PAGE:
Property/casualty insurers often talk about the need to transform their companies into a culture unafraid to embrace change that’s also able to develop new ideas beneficial for their peers and customers alike.
The thing is, an executive can’t simply order or mandate the change. Just as major changes in society often come from social movements, the same phenomenon can help change culture within a company. That’s according to a recent Harvard Business Review blog posting by Bryan Walker, a partner and managing director at IDEO San Francisco, and Sarah Soule, associate dean for Academic Affairs at the Stanford Graduate School of Business.
The pair acknowledge that the leader of a company or enterprise can mandate change but warn to “do so sparingly” because “it’s easy to overuse one’s authority in the hopes of accelerating transformation.” On the flip side of this, leaders often shy away from conflict within a company with a focus instead on harmony, the blog posting noted.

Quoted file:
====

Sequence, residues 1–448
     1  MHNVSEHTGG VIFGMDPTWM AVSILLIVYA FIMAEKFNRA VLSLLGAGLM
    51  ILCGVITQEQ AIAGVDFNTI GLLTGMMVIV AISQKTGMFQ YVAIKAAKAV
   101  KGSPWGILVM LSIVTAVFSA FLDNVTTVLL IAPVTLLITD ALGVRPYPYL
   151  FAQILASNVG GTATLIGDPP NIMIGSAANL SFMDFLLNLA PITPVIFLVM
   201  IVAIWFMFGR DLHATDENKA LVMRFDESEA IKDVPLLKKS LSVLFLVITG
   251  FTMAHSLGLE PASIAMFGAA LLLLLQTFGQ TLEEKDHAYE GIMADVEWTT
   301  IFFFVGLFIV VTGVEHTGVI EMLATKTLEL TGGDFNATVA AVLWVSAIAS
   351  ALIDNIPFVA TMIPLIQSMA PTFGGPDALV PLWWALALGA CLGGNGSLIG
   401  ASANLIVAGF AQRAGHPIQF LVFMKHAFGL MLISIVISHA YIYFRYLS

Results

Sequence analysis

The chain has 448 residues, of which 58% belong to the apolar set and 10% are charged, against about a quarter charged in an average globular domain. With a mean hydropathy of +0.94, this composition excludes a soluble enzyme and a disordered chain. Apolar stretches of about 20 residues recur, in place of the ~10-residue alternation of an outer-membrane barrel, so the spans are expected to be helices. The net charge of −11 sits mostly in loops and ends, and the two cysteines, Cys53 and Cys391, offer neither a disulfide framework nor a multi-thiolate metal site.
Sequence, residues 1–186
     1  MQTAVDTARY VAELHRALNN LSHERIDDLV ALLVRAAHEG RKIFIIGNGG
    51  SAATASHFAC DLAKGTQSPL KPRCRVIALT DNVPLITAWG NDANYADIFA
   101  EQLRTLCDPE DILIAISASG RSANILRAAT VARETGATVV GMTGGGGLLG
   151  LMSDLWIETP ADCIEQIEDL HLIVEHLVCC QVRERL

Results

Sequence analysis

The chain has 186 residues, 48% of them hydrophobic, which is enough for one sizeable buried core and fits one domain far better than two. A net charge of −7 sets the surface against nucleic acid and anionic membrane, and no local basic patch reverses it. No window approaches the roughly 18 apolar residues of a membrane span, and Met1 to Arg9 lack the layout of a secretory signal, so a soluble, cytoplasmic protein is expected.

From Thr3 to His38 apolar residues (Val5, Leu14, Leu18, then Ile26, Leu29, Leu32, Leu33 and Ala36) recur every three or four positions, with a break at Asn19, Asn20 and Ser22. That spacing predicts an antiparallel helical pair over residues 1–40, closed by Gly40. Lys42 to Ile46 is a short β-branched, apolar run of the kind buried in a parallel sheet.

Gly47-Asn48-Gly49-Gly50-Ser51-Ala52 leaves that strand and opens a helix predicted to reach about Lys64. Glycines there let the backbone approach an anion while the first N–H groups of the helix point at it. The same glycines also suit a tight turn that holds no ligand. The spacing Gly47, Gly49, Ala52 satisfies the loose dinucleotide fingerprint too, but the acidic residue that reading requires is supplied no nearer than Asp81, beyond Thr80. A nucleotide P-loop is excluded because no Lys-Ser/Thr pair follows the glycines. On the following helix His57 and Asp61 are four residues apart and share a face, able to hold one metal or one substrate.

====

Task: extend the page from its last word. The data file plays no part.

For culture change to happen successfully by way of a movement, Walker and Soule say that some friction is a good thing because it can show which parts of the organization need specific changes for the transformation to succeed.
To enable a movement-based culture change at your organization, Walker and Soule say that small wins should be celebrated as signs of action. They also recommend that leaders build coalitions between groups that wouldn’t necessarily work together, in order to get them all focused on a common purpose. As well, they say that safe spaces in which strategy can be discussed are also a good thing, as are symbols that can help everyone feel united, such as a t-shirt or button focused on a singular cause.
For the full Harvard Business Review blog posting, click here.